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Antitrust Settlement Over Ticketmaster And Live Nation Merger

Harrisburg, PA — An antitrust settlement has been reached regarding the merger of Ticketmaster Entertainment Inc. and Live Nation Inc., to preserve competition for concert ticket sales and address other anti-competitive concerns raised by the combination of these two companies.

“The goal of this agreement is to maintain competition in the ticket marketplace for the benefit of concert fans throughout Pennsylvania and across the country,” said Attorney General Tom Corbett.

Corbett noted that Ticketmaster is the largest primary ticketing company in the United States, while Live Nation is the largest concert promoter in the country. The February 2009 merger proposal involving the two companies triggered a review by the Attorney General’s Antitrust Section, along with other states and the U.S. Department of Justice, to evaluate the impact on ticket pricing, availability, competition and other related concerns.

Corbett said the antitrust settlement will require Ticketmaster to sell or license its ticket-selling programs in order to enable two new, independent and economically viable competitors to enter the market for ticket sales at major concert venues across the United States.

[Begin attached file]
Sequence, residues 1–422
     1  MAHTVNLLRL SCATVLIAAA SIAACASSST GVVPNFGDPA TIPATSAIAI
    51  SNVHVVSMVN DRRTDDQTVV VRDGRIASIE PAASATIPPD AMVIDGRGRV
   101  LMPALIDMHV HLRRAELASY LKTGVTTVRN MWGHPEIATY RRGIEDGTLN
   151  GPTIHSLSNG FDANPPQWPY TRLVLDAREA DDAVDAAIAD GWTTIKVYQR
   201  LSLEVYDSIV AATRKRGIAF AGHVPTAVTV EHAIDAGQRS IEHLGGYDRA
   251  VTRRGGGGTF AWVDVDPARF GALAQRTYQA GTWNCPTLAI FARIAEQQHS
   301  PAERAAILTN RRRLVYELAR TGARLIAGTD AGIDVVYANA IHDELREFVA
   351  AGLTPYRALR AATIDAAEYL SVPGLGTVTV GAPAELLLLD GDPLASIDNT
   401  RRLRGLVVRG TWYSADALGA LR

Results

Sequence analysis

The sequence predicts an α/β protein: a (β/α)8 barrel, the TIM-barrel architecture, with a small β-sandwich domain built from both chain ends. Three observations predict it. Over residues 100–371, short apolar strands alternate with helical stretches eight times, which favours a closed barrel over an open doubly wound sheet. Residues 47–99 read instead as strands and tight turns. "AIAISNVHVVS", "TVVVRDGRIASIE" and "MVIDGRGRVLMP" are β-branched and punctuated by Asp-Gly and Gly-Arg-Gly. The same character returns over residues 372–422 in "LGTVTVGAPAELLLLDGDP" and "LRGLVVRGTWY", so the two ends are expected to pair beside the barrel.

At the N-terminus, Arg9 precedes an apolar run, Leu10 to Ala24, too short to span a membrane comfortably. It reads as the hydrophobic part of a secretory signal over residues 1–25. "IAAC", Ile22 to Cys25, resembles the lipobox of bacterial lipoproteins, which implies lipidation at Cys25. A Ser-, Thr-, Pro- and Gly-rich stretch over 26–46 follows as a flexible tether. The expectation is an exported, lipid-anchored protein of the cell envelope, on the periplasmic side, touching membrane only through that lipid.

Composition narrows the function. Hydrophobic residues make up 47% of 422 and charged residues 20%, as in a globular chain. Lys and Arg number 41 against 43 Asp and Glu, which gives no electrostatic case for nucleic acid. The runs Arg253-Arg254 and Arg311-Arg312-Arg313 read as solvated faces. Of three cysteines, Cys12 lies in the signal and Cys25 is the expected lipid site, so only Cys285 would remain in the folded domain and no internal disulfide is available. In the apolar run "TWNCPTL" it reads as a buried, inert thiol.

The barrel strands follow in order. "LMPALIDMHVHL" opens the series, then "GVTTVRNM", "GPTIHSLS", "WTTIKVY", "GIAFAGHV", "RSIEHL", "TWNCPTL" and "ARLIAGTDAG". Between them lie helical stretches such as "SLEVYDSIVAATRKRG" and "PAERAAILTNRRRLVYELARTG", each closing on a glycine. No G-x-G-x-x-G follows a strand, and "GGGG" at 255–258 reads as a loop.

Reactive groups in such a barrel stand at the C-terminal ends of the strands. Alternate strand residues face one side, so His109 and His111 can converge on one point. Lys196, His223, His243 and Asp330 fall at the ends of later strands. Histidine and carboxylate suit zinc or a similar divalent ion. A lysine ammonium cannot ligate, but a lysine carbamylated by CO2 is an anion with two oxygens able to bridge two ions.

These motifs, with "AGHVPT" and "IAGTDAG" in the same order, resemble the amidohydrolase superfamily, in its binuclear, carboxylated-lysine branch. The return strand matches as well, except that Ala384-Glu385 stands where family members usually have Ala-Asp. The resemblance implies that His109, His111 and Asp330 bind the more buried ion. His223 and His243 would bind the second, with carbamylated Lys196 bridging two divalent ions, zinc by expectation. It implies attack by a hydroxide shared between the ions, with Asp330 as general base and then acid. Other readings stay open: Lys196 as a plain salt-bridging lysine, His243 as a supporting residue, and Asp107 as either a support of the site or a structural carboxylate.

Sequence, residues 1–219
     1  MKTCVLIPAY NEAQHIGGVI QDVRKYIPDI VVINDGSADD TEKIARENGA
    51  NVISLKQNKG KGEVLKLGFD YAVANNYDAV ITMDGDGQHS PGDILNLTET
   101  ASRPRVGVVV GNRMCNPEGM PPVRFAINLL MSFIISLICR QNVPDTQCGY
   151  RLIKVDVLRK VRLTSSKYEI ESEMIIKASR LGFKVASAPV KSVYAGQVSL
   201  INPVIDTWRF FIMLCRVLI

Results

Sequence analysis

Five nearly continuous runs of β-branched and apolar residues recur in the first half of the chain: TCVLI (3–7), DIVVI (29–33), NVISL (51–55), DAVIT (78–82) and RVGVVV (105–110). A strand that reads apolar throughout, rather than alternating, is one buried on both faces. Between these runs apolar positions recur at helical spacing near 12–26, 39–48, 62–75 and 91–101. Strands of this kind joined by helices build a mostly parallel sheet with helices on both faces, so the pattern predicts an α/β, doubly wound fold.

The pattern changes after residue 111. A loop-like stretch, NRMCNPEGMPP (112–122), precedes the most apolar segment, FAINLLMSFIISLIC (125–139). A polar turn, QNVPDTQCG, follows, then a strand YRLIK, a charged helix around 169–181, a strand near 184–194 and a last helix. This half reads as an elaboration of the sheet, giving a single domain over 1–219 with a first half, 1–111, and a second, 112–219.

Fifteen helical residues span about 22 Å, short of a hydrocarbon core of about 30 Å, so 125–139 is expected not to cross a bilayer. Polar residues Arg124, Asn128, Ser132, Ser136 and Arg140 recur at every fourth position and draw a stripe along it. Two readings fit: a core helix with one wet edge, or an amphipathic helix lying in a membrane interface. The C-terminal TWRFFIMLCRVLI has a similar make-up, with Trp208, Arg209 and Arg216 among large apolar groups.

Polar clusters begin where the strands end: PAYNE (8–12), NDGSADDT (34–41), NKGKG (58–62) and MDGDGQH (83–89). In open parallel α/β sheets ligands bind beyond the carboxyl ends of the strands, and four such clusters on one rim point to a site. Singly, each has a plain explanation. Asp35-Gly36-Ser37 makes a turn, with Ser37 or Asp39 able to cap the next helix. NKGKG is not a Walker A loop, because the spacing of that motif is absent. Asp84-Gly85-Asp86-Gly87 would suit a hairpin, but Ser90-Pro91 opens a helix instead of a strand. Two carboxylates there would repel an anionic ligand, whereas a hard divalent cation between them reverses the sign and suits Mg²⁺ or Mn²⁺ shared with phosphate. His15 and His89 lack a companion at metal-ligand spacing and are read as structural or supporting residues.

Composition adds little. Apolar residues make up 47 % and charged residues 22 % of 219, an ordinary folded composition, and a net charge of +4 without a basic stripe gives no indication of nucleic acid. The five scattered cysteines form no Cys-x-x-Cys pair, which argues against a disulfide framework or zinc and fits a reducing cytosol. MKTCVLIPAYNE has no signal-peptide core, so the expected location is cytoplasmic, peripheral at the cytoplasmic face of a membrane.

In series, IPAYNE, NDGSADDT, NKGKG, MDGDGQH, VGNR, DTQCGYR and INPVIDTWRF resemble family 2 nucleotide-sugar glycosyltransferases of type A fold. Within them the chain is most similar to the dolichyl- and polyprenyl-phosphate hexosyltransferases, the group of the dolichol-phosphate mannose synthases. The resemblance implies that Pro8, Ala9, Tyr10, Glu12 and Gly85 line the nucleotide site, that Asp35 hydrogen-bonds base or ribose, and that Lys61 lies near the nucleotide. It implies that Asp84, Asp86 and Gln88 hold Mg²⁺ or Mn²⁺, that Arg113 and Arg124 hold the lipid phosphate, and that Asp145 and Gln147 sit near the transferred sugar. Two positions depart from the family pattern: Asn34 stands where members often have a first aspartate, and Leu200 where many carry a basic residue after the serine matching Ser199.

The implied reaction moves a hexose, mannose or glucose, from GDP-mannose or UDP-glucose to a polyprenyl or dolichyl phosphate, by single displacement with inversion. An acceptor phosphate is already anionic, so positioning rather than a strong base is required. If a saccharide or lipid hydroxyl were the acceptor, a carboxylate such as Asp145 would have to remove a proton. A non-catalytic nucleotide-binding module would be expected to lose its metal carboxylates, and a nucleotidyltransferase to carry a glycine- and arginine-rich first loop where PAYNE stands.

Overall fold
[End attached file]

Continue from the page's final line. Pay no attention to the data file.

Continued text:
Additionally, Corbett said the agreement prohibits Ticketmaster and Live Nation from engaging in conduct that would impede competition, including retaliation against the owners of concert venues that might use other businesses for primary ticket sales. They are also prohibited from abusing their position in the ticket sales market to impede competition by concert promoters or artist managers.

Corbett said the settlement also prohibits Ticketmaster from requiring the use of its ticket sales service if concert venues want to promote shows or artists that are managed by Ticketmaster or Live Nation, or requiring venues to take certain shows or artists in order to be able to obtain Ticketmaster’s services for ticket sales.

Finally, the agreement requires Ticketmaster and Live Nation to provide formal notice, at least 30 days in advance, before acquiring any assets or interest in any business that provides primary ticket sales services in the United States.

Corbett said the antitrust investigation involved Pennsylvania, Arizona, Arkansas, California, Florida, Iowa, Illinois, Louisiana, Massachusetts, Nebraska, Nevada, Ohio, Oregon, Rhode Island, Tennessee, Texas and Wisconsin, along with the U.S. Department of Justice.

The complaint and settlement agreement were filed today in U.S. District Court for the District of Columbia.

The Pennsylvania portion of the case was handled by Chief Deputy Attorney General James A. Donahue III, along with Deputy Attorneys General Jennifer A. Thomson, Joseph S. Betsko and Norman W. Marden, of the Attorney General’s Antitrust Section.

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